This sounds like a very bad multi wire branch circuit wiring.

This just started to happen?
The situation where a bunch of lights go out when I turn off the hall lights just started yesterday. The issue of these lights getting brighter when another light gets turned on or off has been going on for a while.
 

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The issue of these lights getting brighter when another light gets turned on or off has been going on for a while.
116v on one side and 124v on the other side means 4v across your bad neutral connection. If it is always the same lights that get brighter their life has been shortened. There might be 20w dissipated in this bad neutral connection so it might be warm.
If you want to torque down the connections watch out for a level 2 arc flash.
http://www.prlog.org/10074699-arc-flash-injuries-occur-2-000-times-year.jpg
On second thought, make that "be careful of arc flash." You don't want to watch the flash.
 

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Discussion Starter #11
Mystery Solved

116v on one side and 124v on the other side means 4v across your bad neutral connection. If it is always the same lights that get brighter their life has been shortened. There might be 20w dissipated in this bad neutral connection so it might be warm.
If you want to torque down the connections watch out for a level 2 arc flash.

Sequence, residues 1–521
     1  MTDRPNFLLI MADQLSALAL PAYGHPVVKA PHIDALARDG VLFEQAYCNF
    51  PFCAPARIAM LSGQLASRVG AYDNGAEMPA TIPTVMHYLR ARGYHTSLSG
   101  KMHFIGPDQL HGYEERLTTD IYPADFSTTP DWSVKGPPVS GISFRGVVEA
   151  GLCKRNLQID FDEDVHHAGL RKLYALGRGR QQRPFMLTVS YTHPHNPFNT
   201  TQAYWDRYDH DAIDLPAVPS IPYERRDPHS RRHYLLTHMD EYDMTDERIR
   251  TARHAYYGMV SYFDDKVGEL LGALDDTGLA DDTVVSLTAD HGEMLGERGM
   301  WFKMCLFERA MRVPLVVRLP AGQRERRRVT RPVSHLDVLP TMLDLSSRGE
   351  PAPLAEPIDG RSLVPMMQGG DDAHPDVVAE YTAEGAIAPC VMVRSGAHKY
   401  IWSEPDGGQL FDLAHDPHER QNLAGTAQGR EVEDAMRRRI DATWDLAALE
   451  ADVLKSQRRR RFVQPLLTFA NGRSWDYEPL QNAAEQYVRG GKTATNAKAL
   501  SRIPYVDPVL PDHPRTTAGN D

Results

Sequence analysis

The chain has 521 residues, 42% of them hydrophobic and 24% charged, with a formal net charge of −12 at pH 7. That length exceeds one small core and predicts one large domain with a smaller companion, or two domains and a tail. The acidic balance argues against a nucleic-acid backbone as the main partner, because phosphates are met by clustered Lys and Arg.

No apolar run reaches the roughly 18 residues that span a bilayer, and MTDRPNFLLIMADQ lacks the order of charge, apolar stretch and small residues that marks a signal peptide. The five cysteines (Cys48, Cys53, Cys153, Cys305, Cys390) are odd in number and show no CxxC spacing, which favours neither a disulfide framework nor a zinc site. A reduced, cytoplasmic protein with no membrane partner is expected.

http://www.prlog.org/10074699-arc-flash-injuries-occur-2-000-times-year.jpg
On second thought, make that "be careful of arc flash." You don't want to watch the flash.
Mystery Solved! A neutral was fried at the bottom of my breaker panel. This was apparently caused by a rusted cheap light fixture in my kids' bathroom upstairs. I took out the fixture and capped the wires. Will get a new one tomorrow. I cleaned up the white neutral wire and reseated it in the bar on the panel. Thank you all for your help!
 

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Mystery Solved! A neutral was fried at the bottom of my breaker panel. This was apparently caused by a rusted cheap light fixture in my kids' bathroom upstairs. I took out the fixture and capped the wires. Will get a new one tomorrow. I cleaned up the white neutral wire and reseated it in the bar on the panel. Thank you all for your help!
Glad you found the problem, but the light fixture did not cause it.
It must have been a loose connection :winkbetween the netural and the neutral bar.:wink:
 

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Discussion Starter #13
Glad you found the problem, but the light fixture did not cause it.
It must have been a loose connection :winkbetween the netural and the neutral bar.:wink:
The reason I thought the light fixture caused it is because after I restored the negatives in the panel. I went upstairs and started turning on lights to make sure everything was working right. When I turned on the bathroom light fixture, it started burning. It got black and some of the metal looked like it was melting. When I took down the fixture, the wiring underneath was totally rusted and smelled like fire. That is why I figured that this was the original cause of everything. I guess maybe it was just a coincidence.